County Tests First Responders in Real-Life Scenario
The Orange-Ulster BOCES campus in Goshen was filled with fire trucks, EMS vehicles, and police cars from several county towns on Sept. 19 to rehearse what might happen in a major domestic terrorist event. Emergency Services Commissioner Walt Koury said the exercise was specifically set up to help emergency medical service personnel learn how to coordinate with law enforcement to reach injured victims.
In cases where there might be a shooter in a school building, law enforcement will lock down the building, but there still may be people injured. “The whole intent of this exercise and why it’s so important is that we now begin to migrate to moving medical teams into the building while law enforcement is still searching the building” Koury said. “They would go in and enter areas of the school that have been secured by law enforcement and treat the victims that are there.”
Deputy Commissioner of Emergency Service Craig Cherry directed the exercise. The training was set up to follow procedures set forth by Homeland Security’s Exercise Evaluation Program (HSEEP), evaluating EMS First Responder actions to a mass causality incident.
Real Life Situation
The exercise kicked off with the report of a suspicious package found in the school. Soon armed police moved into the school. Some time later military personnel in full combat array arrived in an armored vehicle. Soldiers emerged with heavy duty weaponry and entered the building.
Two policemen emerged carrying an injured person in a sling. They brought the person to the Goshen EMS vehicle where the person was treated. The police accompanied an EMS personnel into the building to look for more injured people.
Koury said EMS tested a tracking program that evaluates the seriousness of each person, to attend to the most critically injured. Evaluators identified by green vests were on board to judge the effectiveness of the program.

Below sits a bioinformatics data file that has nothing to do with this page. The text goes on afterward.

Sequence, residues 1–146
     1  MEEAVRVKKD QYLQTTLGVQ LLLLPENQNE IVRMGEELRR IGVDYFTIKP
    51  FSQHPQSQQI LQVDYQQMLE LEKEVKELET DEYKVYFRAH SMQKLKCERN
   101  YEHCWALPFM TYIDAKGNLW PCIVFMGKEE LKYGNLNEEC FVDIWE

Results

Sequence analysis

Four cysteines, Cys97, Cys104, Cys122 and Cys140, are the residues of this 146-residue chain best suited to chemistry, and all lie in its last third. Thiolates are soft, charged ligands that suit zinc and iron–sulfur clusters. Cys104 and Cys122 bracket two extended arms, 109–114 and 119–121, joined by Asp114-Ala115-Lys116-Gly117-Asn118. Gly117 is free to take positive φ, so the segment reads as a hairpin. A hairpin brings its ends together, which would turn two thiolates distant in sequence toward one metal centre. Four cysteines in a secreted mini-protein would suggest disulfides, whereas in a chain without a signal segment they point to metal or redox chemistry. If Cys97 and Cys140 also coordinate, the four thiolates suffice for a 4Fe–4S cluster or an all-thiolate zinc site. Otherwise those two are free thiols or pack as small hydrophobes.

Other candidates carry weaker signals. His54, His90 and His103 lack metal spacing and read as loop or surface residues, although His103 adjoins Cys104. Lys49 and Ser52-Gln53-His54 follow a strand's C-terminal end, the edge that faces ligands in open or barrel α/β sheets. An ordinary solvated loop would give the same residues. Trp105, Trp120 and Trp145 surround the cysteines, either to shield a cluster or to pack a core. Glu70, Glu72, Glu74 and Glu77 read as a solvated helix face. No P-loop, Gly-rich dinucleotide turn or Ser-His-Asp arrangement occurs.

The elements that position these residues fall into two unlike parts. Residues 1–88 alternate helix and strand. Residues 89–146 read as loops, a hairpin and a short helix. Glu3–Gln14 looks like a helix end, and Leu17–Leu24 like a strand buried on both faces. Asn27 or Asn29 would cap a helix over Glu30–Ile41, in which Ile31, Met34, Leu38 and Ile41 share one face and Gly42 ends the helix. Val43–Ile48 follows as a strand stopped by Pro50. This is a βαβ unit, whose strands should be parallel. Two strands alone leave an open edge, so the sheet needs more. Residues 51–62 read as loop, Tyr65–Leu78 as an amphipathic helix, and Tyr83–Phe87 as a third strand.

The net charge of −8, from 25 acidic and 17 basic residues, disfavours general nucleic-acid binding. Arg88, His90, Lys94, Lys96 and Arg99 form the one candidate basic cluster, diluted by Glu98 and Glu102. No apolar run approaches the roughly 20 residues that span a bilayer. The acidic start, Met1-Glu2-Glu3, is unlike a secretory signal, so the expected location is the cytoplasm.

Evaluators walked around the test site outside the school building asking questions and observing where improvements could be made. Cherry said the exercise is meant to show where improvements can be made. “Mistakes may be made—[EMS personnel] may slow down to correct themselves.”
Cherry said EMS could not always go in and treat people with serious injuries. The exercise was meant to have medical personnel work in a real time scenario with armed law enforcement and fire departments under unusual circumstances.
“The advantage is that they are able to use that training under an armed conflict situation and to make law enforcement and EMS to understand what that relationship is in responding to a law enforcement event.” He said police and military personnel could then ensure their safety.
Local Support of National Security
Homeland Security Exercise Evaluation Program (HSEEP) is developed to ensure that local communities can support national security measures with good organization. Practice exercises such as that at the BOCES campus improves the procedures of public service agencies, and to share what goes well. This covers several phases of the HSEEP program: near-real time analysis during a real life event, evaluating what could have been done better after the fact, and trend analysis after several exercises have been studied.
“By continually examining the implementation of corrective actions, organizations can identify capability gaps, as well as determine which corrective actions require validation through exercises,” the HSEEP guidelines stated.
Koury recognized the county’s proximity to New York City and training is necessary to handle a domestic terrorism incident. “It’s important that all the emergency services agencies—fire, police, EMS—learn to work collaboratively together. County Executive Steven Neuhaus and Frank Cassanite, Deputy Commissioner of Emergency Medical Services observed as the exercise played out.
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